Law & Disorder: Georgia’s Battle Over Prosecutorial Power


Georgia Gov. Brian Kemp delivers the State of the State speech, Thursday, Jan. 11, 2024, in Atlanta. (AP Photo/Brynn Anderson)
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Georgia Governor Brian Kemp has activated a new law allowing a state panel to discipline or even oust prosecutors. The move could impact Fulton County District Attorney Fani Willis’ legal actions against former President Donald Trump.

Kemp argues the law targets prosecutors who fail to enforce laws linking it to a national rise in crime. But critics see it as a political maneuver, especially since last year’s attempt to get the Prosecuting Attorneys Qualification Commission up and running hit a roadblock when the state Supreme Court expressed concerns about its jurisdiction. Despite this, the new legislation sidesteps the need for Supreme Court approval, raising eyebrows and likely prompting legal challenges.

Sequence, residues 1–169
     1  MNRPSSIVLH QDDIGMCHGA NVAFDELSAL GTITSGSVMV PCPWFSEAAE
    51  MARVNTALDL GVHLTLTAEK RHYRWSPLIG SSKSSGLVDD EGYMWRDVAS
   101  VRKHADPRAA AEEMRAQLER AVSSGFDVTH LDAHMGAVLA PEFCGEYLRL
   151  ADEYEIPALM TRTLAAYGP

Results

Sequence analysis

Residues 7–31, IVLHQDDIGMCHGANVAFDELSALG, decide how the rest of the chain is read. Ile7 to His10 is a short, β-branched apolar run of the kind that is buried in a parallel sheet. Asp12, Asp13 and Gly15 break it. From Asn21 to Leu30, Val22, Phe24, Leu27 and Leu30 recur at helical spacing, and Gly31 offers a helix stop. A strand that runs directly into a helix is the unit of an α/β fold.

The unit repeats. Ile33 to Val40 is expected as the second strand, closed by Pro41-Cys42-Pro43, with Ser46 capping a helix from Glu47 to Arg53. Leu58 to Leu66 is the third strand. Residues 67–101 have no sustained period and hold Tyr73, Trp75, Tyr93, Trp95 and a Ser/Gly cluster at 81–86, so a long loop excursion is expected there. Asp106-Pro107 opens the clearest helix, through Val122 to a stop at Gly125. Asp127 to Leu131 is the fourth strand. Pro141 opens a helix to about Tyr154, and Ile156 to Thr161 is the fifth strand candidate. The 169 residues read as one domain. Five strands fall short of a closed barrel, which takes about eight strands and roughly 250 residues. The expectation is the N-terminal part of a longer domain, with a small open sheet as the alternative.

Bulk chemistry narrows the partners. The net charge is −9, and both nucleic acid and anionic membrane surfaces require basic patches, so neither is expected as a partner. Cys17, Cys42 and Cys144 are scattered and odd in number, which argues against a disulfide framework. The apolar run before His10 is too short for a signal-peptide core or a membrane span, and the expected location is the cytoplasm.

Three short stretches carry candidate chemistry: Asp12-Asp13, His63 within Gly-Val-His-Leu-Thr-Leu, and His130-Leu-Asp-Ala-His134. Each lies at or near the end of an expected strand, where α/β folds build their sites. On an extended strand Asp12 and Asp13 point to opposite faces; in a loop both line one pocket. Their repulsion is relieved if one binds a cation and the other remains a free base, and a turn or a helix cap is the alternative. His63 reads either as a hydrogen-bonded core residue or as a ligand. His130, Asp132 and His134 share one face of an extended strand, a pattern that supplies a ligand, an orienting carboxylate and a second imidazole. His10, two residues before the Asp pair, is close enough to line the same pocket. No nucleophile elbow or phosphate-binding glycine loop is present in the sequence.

The new law mandates that district attorneys individually assess each case, barring them from dismissing whole categories of offenses. This is seen as an attempt to limit prosecutorial discretion and to spark debate about its implications on justice and political interference.

Proponents of the law insist it is about ensuring law and order. Opponents argue it’s a veiled attack on Democratic prosecutors like Willis.

Click play to listen to the report from AURN White House Correspondent Ebony McMorris. For more news, follow @E_N_McMorris & @aurnonline.

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